Polar bear foraging on common eider eggs: estimating the energetic consequences of a climate-mediated behavioural shift
Published on Jan 1, 2021in Animal Behaviour2.689
· DOI :10.1016/J.ANBEHAV.2020.11.009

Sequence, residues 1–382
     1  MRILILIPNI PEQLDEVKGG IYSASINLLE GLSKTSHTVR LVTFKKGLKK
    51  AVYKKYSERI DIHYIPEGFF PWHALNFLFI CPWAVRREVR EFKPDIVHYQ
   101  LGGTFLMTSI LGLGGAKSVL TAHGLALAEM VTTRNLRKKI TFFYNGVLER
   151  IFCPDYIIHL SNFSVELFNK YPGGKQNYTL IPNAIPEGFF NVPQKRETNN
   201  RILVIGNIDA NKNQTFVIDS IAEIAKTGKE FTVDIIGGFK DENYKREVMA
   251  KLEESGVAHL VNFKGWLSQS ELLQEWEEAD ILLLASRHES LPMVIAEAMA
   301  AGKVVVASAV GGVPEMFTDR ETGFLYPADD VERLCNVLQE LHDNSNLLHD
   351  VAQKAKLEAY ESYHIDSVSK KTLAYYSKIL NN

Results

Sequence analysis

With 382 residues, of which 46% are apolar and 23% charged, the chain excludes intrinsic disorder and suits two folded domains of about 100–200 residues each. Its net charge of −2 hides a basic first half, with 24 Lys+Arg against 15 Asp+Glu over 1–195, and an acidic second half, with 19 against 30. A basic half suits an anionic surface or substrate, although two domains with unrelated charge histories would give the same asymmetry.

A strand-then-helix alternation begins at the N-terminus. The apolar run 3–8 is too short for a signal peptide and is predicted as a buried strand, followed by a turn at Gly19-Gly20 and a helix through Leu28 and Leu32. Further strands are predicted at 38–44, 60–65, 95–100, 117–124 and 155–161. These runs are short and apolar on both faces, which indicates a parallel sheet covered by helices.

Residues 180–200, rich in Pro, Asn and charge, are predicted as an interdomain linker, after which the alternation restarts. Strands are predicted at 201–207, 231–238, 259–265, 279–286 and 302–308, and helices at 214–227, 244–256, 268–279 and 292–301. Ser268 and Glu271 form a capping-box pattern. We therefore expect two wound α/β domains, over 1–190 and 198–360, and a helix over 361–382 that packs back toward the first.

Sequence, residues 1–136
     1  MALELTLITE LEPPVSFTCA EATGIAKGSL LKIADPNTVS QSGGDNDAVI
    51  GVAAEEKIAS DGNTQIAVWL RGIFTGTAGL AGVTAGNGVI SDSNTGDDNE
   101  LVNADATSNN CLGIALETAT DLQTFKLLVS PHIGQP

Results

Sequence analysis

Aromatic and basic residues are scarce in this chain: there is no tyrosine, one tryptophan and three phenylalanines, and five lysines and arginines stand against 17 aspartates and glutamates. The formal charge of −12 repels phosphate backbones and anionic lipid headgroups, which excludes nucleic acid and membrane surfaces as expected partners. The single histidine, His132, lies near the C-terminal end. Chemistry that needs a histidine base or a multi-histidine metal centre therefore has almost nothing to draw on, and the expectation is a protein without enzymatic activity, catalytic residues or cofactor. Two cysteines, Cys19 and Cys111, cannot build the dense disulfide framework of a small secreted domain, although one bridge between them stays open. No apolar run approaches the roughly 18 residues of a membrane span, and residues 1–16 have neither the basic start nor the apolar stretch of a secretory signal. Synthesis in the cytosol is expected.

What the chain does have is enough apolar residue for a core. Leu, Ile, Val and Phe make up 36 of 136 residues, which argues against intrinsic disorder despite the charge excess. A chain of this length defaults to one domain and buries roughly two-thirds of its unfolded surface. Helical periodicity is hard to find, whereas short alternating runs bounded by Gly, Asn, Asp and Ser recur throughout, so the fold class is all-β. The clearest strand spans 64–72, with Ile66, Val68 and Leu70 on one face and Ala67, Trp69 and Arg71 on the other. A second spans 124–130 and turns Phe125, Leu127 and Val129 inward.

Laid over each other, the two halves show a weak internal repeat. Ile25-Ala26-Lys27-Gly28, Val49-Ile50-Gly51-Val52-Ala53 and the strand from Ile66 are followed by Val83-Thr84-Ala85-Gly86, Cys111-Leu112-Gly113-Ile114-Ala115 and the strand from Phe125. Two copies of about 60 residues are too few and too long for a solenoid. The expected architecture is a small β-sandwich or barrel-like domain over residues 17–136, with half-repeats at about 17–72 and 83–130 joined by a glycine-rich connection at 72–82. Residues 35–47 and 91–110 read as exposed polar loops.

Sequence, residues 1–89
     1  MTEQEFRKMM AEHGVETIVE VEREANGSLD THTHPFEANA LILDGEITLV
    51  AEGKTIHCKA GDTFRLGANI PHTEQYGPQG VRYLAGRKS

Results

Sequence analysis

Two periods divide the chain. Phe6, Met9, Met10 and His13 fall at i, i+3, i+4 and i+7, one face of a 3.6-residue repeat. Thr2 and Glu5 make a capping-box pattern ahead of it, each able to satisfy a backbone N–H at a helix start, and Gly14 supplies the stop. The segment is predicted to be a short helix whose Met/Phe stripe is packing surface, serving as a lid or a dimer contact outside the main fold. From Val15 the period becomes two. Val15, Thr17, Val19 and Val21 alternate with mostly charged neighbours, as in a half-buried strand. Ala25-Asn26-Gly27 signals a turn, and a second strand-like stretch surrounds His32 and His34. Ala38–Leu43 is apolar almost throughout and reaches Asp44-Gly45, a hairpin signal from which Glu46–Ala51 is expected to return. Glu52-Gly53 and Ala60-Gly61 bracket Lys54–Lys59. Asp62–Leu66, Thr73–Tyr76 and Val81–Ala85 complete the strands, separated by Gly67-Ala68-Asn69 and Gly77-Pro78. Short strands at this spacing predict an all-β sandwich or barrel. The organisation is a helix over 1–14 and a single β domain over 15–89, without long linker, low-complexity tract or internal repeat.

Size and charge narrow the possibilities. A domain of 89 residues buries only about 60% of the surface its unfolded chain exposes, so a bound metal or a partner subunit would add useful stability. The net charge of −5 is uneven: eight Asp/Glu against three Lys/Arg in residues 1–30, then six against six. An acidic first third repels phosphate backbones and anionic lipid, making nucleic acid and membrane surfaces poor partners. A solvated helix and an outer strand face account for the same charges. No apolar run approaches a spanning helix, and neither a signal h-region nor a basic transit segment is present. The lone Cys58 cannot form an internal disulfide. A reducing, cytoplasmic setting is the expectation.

Climate-mediated phenological shifts can cause species to lose access to their primary prey while increasing opportunities for alternative-prey encounters. Species that are able to capitalize on alternative resources could potentially profit from prey-switching should the benefits of procuring these alternative resources outweigh their acquisition costs. Polar bears, Ursus maritimus, use sea ice as a platform to hunt seals, and individuals inhabiting the southern-most extent of their range rely on accumulated fat reserves to sustain themselves during the increasingly lengthy ice-free season. In response to declining access to their primary prey through documented sea ice loss, some polar bears are foraging on the eggs of birds in lieu of hunting opportunities on ice, as their onshore arrival is increasingly overlapping with birds’ breeding schedules. To gain a better understanding of the energetic consequences of this behaviour, we used aerial drones to record polar bears foraging on sea duck eggs (common eider, Somateria mollissima) on Mitivik Island, Nunavut, Canada. Using these data, we examined variation in individual polar bear foraging behaviours and estimated the energetic benefits and costs associated with foraging on common eider eggs. Because of low costs associated with nest searching and consumption, the energetic cost of foraging remained relatively constant throughout the 2-week observation period. However, we found that as the common eider breeding season progressed, polar bears consumed eggs at a lower rate as they depleted the nesting colony and spent proportionally more time searching for nests. Collectively, this foraging pattern led to an overall declining trend in the net energy gained from egg consumption. Foraging on common eider eggs during increasingly lengthy ice-free seasons is apparently beneficial for polar bears, but only during a limited window of opportunity. By coupling energetic estimates with detailed behavioural data collected through aerial videography, this study provides a quantification of both the benefits and costs of egg consumption for polar bears.